13 OCTOBRE 2017 NEWS: Larkhill - Saqqara - Sungir - Cusco - Azhagankulam - Rhodope -






ROYAUME UNI Imgid129776463 jpg gallery Larkhill - Prehistoric remains have been unearthed in at Larkhill Garrison. Three prehistoric burials were found at the site of a new sports pitch. Ruth Panes, the project manager for Wessex Archaeology, said: “Of the three burials, one was an infant and the other has been identified through osteological assessment as a teenage male aged 15 to 17. "He would have been robust in appearance and his remains contained no obvious signs of pathology. The infant had been placed into a grave in an existing ditch and buried. Over time, the ditch gradually silted up and sealed the grave. "Prehistoric pottery was found in the ditch fill which sealed the grave, which suggests the burial is also prehistoric. One body was placed in a crouched position and we know such burials typically date between 2400 to 1600 BC.”


EGYPTE729533 0 Saqqara - The French-Swiss archaeological mission unearthed a mini-pyramid, made of pink granite, in South Saqqara on the outskirts of Egypt’s Giza Province, the Ministry of Antiquities said in a statement on Thursday. General Secretary of the Supreme Council of Antiquities (SCA), General Mostafa al-Waziri, said that the discovered mini-pyramid is 130 cm height and the size of each side is 35 cm. The size of the pyramid’s base is 110 cm. Waziri pointed out that the mini-pyramid was supposedly covered with gold or copper and its upper part was partially damaged. He added that the surface of the lower part is filled with dirt. Its bottom had been smoothed and punctured to be placed it on the top of the pyramid. The mission’s chief, Philip Clumber, said that the mini-pyramid was discovered south of the pyramid of King Pepi II, a pharaoh of the Sixth dynasty, where side pyramid of mother of King Pepi II, Queen Ankhesenpepi II, was built, but has not been discovered yet.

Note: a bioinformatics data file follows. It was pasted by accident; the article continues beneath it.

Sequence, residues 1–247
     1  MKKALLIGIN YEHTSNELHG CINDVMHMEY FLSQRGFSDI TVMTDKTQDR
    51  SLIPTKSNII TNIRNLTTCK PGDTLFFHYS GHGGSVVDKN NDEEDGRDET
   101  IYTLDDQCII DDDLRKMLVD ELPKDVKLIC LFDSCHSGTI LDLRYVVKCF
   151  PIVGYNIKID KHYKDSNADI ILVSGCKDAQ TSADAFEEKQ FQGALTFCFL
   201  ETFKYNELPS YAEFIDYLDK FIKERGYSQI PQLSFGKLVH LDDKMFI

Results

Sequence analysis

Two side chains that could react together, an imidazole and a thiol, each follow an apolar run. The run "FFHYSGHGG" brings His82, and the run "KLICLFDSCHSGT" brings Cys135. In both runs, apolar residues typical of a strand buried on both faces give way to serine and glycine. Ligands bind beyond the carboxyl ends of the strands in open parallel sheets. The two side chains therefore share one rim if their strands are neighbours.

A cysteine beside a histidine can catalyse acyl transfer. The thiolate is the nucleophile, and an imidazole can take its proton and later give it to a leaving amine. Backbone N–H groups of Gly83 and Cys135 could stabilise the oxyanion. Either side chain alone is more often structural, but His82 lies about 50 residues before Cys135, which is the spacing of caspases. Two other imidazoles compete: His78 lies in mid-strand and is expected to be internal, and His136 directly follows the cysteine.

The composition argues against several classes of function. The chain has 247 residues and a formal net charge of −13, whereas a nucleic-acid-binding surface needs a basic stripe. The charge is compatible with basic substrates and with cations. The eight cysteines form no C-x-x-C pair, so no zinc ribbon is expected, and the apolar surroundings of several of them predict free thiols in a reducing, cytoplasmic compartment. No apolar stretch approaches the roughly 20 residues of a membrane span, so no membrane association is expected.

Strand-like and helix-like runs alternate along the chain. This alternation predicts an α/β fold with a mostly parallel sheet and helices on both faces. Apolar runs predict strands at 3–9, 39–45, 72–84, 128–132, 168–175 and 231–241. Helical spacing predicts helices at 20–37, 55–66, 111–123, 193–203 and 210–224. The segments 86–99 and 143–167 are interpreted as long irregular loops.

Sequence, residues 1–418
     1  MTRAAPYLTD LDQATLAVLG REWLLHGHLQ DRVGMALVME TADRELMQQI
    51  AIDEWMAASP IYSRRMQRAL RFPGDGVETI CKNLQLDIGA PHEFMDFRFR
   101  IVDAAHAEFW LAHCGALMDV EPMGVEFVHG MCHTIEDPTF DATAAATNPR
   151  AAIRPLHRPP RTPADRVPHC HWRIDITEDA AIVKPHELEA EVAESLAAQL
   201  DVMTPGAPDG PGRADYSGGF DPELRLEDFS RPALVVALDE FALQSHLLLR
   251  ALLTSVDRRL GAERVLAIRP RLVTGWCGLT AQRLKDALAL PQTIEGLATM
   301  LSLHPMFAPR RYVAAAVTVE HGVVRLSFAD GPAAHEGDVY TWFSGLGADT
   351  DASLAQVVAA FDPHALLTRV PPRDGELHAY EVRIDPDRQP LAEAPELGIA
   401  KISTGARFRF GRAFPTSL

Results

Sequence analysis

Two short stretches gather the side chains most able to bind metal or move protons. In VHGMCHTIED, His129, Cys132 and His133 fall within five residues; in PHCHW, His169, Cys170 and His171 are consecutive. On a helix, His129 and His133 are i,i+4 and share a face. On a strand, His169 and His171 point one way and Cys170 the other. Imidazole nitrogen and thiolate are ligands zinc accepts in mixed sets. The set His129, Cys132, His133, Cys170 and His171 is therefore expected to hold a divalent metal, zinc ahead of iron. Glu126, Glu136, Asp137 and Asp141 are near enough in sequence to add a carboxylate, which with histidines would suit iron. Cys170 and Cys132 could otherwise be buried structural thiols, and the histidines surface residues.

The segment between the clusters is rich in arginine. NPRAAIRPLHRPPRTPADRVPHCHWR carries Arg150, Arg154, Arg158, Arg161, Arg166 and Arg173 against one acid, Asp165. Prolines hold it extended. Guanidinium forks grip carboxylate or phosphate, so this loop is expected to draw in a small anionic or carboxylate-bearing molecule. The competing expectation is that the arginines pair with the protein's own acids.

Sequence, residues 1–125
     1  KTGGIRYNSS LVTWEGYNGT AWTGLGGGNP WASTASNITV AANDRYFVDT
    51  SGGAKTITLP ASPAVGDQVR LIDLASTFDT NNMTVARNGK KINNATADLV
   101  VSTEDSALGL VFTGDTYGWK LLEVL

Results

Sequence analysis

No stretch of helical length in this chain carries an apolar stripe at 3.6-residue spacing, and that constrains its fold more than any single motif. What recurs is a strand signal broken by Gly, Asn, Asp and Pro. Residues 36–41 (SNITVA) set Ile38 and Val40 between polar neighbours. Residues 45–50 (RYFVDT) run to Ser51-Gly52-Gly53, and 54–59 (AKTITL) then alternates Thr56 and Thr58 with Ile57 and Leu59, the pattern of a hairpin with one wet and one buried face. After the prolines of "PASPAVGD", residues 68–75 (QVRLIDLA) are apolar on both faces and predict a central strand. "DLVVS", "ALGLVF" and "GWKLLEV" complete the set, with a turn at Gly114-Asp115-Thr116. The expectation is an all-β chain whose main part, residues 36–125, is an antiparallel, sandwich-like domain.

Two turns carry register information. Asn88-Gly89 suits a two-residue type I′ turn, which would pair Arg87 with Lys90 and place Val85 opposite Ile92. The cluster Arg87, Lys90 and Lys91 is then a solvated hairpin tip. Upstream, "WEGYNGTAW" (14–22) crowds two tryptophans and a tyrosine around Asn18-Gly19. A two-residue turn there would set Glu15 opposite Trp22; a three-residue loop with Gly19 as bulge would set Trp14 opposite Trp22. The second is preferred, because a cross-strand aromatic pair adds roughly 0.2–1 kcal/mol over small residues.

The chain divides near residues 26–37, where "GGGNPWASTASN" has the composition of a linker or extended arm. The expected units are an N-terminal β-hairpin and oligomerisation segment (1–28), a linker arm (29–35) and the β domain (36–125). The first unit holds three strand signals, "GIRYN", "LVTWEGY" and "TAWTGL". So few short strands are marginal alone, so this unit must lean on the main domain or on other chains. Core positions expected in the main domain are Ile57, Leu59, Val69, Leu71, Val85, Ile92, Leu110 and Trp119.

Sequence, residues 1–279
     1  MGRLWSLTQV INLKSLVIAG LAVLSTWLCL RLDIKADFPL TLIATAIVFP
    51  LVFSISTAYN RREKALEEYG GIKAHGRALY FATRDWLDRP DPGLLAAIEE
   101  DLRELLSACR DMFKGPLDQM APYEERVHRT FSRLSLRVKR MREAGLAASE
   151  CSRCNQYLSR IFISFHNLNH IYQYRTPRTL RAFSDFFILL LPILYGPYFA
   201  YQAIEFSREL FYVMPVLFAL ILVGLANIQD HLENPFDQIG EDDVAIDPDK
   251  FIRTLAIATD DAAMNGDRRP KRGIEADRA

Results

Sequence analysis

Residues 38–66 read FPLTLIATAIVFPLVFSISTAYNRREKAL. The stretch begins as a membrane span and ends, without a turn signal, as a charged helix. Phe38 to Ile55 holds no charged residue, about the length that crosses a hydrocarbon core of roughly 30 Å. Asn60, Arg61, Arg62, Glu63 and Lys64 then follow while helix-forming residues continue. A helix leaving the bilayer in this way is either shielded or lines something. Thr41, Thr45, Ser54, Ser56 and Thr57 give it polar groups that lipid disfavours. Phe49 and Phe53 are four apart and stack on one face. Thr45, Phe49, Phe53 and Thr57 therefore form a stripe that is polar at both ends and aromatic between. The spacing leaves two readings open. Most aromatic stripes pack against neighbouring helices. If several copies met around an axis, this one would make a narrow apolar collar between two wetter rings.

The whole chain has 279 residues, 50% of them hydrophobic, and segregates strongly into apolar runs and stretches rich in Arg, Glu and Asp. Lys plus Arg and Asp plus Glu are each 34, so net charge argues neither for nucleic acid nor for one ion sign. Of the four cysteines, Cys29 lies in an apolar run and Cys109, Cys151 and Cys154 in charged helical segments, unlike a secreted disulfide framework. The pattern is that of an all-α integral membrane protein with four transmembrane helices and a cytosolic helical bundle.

RUSSIETumblr inline oxmsvd8sv01qgjbhq 1280 Sungir - The children, a 10-year-old and a 13-year-old, are from the Sungir archeological dig in Russia. The site’s name is also sometimes spelled Sunghir, but regardless of how you spell the name, it’s considered an important place for human archeological history. The site is the farthest north that researchers have found early humans living. At least one adult was also buried there around 34,000 years ago. Archaeologists have sequenced the DNA of the people at the Sungir site, and the results were just published in  Science. Though some have suggested the children may have been related, newer findings suggest that they may not be close family. The children’s bones have lso been analysed. And now we can see what the two children looked like. Visual Science, an international scientific visualization studio, and the Russian Academy of Sciences (RAS) Institute of Ethnology and Anthropology collaborated on the project to bring these 34,000-year-old children into 2017 via virtual reality.

VIDEO = http://www.newsweek.com/russia-sungir-burial-faces-first-humans-europe-reconstructed-after-30000-years-682412